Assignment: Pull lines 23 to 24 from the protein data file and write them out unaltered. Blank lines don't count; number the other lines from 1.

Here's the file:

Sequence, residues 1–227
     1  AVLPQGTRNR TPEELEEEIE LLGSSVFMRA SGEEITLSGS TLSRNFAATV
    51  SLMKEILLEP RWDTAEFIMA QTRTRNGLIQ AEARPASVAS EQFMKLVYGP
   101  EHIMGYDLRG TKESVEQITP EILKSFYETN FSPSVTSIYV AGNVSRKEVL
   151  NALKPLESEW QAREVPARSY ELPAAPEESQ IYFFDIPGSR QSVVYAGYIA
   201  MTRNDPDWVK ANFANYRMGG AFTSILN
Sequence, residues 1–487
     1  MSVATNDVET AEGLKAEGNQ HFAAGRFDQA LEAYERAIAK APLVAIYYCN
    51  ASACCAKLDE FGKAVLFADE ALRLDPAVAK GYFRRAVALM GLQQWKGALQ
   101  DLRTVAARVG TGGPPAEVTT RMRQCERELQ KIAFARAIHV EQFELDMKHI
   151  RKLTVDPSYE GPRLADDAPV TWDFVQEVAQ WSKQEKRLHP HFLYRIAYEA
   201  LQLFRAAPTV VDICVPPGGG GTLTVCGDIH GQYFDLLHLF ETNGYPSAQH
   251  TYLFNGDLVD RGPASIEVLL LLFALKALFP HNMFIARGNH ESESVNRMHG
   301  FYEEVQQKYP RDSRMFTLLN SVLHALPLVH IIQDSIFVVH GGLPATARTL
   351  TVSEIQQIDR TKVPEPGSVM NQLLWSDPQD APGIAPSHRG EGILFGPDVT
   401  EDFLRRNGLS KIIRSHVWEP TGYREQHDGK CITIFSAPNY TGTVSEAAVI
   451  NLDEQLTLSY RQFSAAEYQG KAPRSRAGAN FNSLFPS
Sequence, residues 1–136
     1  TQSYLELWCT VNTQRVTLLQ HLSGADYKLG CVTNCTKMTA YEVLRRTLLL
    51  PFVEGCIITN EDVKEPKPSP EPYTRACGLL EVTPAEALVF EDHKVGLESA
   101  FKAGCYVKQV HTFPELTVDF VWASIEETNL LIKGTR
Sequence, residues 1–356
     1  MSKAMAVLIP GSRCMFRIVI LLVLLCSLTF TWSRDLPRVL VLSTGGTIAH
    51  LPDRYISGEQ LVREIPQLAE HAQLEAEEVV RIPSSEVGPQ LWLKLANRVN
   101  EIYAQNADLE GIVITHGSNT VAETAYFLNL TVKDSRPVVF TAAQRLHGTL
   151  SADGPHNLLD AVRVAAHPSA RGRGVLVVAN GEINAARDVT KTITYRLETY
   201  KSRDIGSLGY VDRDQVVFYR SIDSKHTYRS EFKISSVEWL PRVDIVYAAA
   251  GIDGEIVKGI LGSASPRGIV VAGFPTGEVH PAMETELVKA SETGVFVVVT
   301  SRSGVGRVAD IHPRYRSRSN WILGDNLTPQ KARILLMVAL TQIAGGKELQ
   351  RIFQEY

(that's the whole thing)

     1  MSKAMAVLIP GSRCMFRIVI LLVLLCSLTF TWSRDLPRVL VLSTGGTIAH
    51  LPDRYISGEQ LVREIPQLAE HAQLEAEEVV RIPSSEVGPQ LWLKLANRVN